Quadrophonic Toppling has not been seen in 74 Phish shows.
It was last played: 2022-05-27.
It was played at 0.1% of live shows.
It has been performed live 2 time(s).
The studio version of “Quadrophonic Toppling” on The Siket Disc contains an audio sample of Mike repeating the phrase “Quadrophonic Toppling,” and a brief yodeling-portion of “I Want to be a Cowboy’s Sweetheart” from the 12/6/96 Vegas gig, over extraordinarily simple, repeated, guitar, bass, and drum lines, and a few sustained organ chords. While this “song” was undoubtedly improvised (not composed in the typical sense), it has a clear, and repeated, melody line and music but was nevertheless improvisationally created. And though it is unclear which band member is playing which instrument, given the simplicity of the lines, it’s plausible that in this “Quadrophonic Toppling” track, Fish was on bass (a nod to the prior “Fish Bass” track on The Siket Disc that appears to largely contain effects but contains some bass notes), Page was on guitar, Mike was on organ, and Trey was on drums. But we don’t know.
What we do know is that the 12/31/99 Big Cypress “version” of “Quadrophonic Toppling” did not constitute a performance or debut of The Siket Disc’s version of “Quadrophonic Toppling” (i.e., the definitive version of this “song”): on 12/31/99, it was simply Mike “playing” (and repeating over the course of several minutes) the audio sample of him saying “Quadrophonic Toppling” from The Siket Disc version. No music of the Disc’s “QT” song/track was performed on 12/31/99. For decades, Phish.Net’s setlists file listed “Quadrophonic Toppling” in the 12/31/99 setlist as if it had been performed, yet the song/track from The Siket Disc was unquestionably not performed on 12/31/99, and so this setlist-notation of “QT” was, at least arguably, in error (albeit in good faith). Controversy ensued when "Quadrophonic Toppling" was removed from the Cypress setlist in 2022, but it was returned to the setlist in August 2023.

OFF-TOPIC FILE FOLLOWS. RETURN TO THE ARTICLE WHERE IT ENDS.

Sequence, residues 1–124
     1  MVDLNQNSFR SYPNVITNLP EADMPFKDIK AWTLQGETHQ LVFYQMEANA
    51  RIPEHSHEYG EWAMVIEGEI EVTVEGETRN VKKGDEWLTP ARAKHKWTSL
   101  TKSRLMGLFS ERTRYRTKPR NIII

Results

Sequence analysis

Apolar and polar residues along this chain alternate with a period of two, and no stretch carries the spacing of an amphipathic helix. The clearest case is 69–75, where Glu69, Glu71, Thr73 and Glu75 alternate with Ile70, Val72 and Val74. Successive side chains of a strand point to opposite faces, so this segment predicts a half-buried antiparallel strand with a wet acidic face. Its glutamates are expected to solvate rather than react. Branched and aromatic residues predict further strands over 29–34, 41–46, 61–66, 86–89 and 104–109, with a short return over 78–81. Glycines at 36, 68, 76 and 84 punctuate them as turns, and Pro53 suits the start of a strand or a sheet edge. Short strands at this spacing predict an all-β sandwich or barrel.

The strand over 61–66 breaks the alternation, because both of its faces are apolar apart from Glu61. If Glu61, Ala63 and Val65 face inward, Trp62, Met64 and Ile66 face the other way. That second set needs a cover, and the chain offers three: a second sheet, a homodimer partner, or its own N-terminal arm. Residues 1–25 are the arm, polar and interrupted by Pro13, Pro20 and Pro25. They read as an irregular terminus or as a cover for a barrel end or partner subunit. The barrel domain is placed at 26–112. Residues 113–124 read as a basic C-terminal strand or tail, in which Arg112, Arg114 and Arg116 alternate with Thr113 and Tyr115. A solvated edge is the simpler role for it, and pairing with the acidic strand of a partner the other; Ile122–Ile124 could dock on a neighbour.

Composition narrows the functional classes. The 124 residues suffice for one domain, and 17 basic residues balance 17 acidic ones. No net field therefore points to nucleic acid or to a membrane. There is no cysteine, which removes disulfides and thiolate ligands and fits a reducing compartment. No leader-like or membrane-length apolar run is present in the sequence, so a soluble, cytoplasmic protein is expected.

The “Quadrophonic Toppling” repeated-audio-sample from Mike on 12/31/99 occurred in the midst of an almost 14-minute improvisation that segued-out of a legendary version of the song “Sand,” which Phish performed about a third of the way through their midnight-to-sunrise set at Big Cypress. Toward the end of “Sand,” the band needed to attend to some personal affairs, and as Trey was tasked with carrying the load, he began a “Digital Delay Loop Jam” (“DDLJ”). About four minutes into that jam, Mike returned to the stage and, using what looks like either an early version of the Blackberry or a recording device of some kind, played either an audio sample of his saying “Quadrophonic Toppling” or THE audio sample of his saying "Quadrophonic Toppling" from the studio track of The Siket Disc into his microphone. Mike then re-played this sample periodically for several minutes over improv by Trey and Page. Mike’s use of this sample is the only musical element of The Siket Disc’s version of “QT” that appears amidst the “DDLJ” on 12/31/99. There is no yodeling, and the music of the Disc’s version of “QT” was not performed at Cypress. The “DDLJ” eventually terminated after Fish returned to the stage, and the band began an extended, down-tempo introduction to “Slave to the Traffic Light.”